The exterior of the Hardy Glass Company building shows the marks of time passed: the cement walls are dirtied, the yellowed company sign no longer shines. But the unspoiled brick glass wall that stands at the front of the building serves as the time capsule from the company’s establishment in 1933. The wall is comprised of six large panels, each a mosaic of mostly translucent glass blocks interspersed with green, red, yellow and blue blocks. This wall not only displays the work of the factory, but is also representative of the glass block trend in the Chicago area that emerged in the early 20th century.
The Hardy Glass Company is located on the Far South Side at 711 W. 103rd Street. The company began as a three-person operation installing glass blocks in homes around the Chicago area. Founder Ed Hardy ran the company for thirteen years, until his son William C. Hardy began to work alongside him in 1946. The company has been passed down through the Hardy family for four generations.
Upon the company’s establishment, glass blocking was on the rise as an increasingly popular and illustrious industry in the Chicago area. Glass blocks popped up in both business and residential areas of the city. These blocks were distributed as decorative splashes of color which brought life to the often utilitarian Chicago gray brick homes. Blocks were also used as geometric designs, which accompanied the mosaic glass displays of larger institutions like churches and synagogues. There was a variety of patterns, some more popular than others, which became the staple product for Hardy Glass Company. Some basic patterns have not changed for eighty years. Although the presence of glass blocks was once characteristic of certain styles of Chicago architecture, the trend began to fade. Over the years, as the trend dissipated, so too the did market for the glass blocks fade and change.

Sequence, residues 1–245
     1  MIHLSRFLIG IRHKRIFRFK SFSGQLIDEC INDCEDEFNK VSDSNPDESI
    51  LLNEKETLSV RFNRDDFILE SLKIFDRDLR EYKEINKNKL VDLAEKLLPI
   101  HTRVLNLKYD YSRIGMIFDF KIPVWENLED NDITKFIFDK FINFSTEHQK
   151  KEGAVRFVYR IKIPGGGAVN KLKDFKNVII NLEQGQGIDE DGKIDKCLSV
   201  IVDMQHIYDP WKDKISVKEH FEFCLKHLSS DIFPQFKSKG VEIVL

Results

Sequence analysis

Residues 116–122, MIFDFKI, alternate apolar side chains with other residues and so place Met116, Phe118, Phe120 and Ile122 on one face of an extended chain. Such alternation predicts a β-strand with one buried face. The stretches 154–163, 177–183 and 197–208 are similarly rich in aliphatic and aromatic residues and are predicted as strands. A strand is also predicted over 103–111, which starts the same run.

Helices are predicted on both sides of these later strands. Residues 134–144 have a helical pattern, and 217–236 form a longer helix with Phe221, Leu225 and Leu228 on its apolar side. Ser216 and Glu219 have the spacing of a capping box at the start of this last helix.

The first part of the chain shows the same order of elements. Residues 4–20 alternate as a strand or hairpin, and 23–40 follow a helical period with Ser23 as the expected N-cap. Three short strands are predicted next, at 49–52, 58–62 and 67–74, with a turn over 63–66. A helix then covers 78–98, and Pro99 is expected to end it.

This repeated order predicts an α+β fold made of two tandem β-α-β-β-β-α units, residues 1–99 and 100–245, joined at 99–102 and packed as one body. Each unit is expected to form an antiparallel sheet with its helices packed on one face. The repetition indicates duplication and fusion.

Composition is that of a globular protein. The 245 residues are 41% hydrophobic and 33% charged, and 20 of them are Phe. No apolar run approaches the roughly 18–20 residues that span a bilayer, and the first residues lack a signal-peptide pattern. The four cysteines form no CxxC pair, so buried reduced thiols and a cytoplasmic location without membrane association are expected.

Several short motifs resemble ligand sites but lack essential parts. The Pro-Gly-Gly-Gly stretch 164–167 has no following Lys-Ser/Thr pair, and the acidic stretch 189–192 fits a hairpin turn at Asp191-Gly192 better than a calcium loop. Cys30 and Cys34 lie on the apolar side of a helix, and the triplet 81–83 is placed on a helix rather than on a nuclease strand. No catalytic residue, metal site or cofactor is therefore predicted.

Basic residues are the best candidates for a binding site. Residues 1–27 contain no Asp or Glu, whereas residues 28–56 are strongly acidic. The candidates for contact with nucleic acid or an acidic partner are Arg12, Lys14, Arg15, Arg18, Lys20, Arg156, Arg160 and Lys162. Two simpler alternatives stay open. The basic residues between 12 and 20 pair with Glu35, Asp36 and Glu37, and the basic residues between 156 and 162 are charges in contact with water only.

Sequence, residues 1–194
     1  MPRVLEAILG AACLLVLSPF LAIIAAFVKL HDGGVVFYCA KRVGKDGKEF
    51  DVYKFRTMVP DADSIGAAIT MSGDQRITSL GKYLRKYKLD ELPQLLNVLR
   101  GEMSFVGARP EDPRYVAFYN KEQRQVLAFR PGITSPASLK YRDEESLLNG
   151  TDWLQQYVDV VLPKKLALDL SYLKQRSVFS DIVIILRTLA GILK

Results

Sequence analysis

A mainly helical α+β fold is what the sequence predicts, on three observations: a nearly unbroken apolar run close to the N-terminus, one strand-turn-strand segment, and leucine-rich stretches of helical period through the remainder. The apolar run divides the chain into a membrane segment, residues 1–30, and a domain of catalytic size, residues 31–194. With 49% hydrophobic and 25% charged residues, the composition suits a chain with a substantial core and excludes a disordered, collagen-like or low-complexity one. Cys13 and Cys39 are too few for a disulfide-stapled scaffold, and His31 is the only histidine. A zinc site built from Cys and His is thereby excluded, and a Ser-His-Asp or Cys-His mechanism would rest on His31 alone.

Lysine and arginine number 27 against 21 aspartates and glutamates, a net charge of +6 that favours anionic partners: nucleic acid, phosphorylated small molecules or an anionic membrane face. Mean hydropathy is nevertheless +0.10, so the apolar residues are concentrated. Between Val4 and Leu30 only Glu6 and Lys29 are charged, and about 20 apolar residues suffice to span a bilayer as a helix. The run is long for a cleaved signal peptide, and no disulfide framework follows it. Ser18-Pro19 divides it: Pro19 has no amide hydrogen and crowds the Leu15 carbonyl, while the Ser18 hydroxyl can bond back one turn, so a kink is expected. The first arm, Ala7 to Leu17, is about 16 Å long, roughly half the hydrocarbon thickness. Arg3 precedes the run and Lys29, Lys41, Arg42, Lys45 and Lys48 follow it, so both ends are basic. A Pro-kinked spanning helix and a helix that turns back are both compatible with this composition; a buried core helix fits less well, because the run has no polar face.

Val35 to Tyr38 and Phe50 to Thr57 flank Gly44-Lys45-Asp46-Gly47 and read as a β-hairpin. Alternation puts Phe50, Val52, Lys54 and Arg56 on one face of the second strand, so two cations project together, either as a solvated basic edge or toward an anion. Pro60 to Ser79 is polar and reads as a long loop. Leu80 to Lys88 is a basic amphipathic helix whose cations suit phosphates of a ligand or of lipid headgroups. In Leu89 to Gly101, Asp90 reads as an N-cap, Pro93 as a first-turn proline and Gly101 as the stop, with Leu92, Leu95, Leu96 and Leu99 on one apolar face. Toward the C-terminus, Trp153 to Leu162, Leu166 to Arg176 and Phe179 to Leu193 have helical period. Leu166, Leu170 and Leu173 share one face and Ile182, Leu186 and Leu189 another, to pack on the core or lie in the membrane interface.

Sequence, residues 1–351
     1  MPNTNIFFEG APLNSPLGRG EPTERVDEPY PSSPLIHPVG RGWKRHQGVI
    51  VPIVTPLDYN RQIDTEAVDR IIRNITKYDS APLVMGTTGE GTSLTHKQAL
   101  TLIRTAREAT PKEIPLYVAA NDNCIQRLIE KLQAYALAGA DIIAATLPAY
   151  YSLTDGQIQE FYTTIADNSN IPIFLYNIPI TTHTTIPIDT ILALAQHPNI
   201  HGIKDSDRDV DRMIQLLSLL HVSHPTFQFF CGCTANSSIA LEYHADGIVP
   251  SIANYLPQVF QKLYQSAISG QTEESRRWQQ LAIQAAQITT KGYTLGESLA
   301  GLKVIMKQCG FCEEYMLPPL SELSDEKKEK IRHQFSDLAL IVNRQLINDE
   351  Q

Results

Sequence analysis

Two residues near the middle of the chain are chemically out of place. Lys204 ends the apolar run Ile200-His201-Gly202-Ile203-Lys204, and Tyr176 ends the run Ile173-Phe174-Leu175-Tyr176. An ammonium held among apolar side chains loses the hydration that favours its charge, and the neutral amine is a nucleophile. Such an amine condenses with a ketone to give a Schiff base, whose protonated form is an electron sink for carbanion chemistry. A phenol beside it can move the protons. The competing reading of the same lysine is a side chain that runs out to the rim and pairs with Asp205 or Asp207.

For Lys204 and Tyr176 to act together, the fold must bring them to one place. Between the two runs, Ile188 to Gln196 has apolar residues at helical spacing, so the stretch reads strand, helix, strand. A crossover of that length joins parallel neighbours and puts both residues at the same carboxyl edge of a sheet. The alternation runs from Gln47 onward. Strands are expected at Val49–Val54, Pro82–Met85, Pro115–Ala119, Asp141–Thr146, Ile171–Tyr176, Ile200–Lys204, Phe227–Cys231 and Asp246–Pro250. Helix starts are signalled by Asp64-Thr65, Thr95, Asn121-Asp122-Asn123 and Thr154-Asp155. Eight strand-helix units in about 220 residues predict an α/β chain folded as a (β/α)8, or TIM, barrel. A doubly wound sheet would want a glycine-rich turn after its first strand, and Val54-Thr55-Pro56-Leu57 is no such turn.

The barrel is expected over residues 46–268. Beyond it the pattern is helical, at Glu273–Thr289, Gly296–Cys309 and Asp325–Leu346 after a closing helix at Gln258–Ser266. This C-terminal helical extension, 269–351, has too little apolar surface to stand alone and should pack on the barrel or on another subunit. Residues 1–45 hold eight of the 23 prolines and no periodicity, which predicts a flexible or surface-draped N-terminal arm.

“Our main market is still home owners,” William P. Hardy, the current CEO of Hardy Glass Company explains. “Glass blocks are now primarily used for security reasons. They are nearly bulletproof and, once cemented into a wall, are as equally strong as the wall itself.” While these glass blocks were once a desired object due to their aesthetic, they are now primarily found on the South Side as a security measure.
The interior of the factory, like its exterior, seems frozen in the era of its heyday. Inside, the company offices, impeccably clean and painted by trends from decades past, have the same faded quality the company sign suggests. Just as the glamor of these colored glass blocks has waned, so too has the cultural relevance of the Hardy Company products. While there remains an assembly line and separate section for the many different colored blocks, and even colorful displays within the factory itself, the simple glass blocks used for pragmatic purposes are now the primary product. “Many of our blocks are meant for below ground level. These glass blocks prevent water from coming in those homes that get flooded by the Des Plaines River,” Hardy says. These are windows buried underground, not meant to delight passersby with ornate designs.
The glamor has faded. And in contrast to the glass itself, which remains unblemished over time, the once-trendsetting Hardy Glass Company has suffered both the economic and social changes that have affected both the South Side and the broader world.
Photo courtesy of flickr user Voxphoto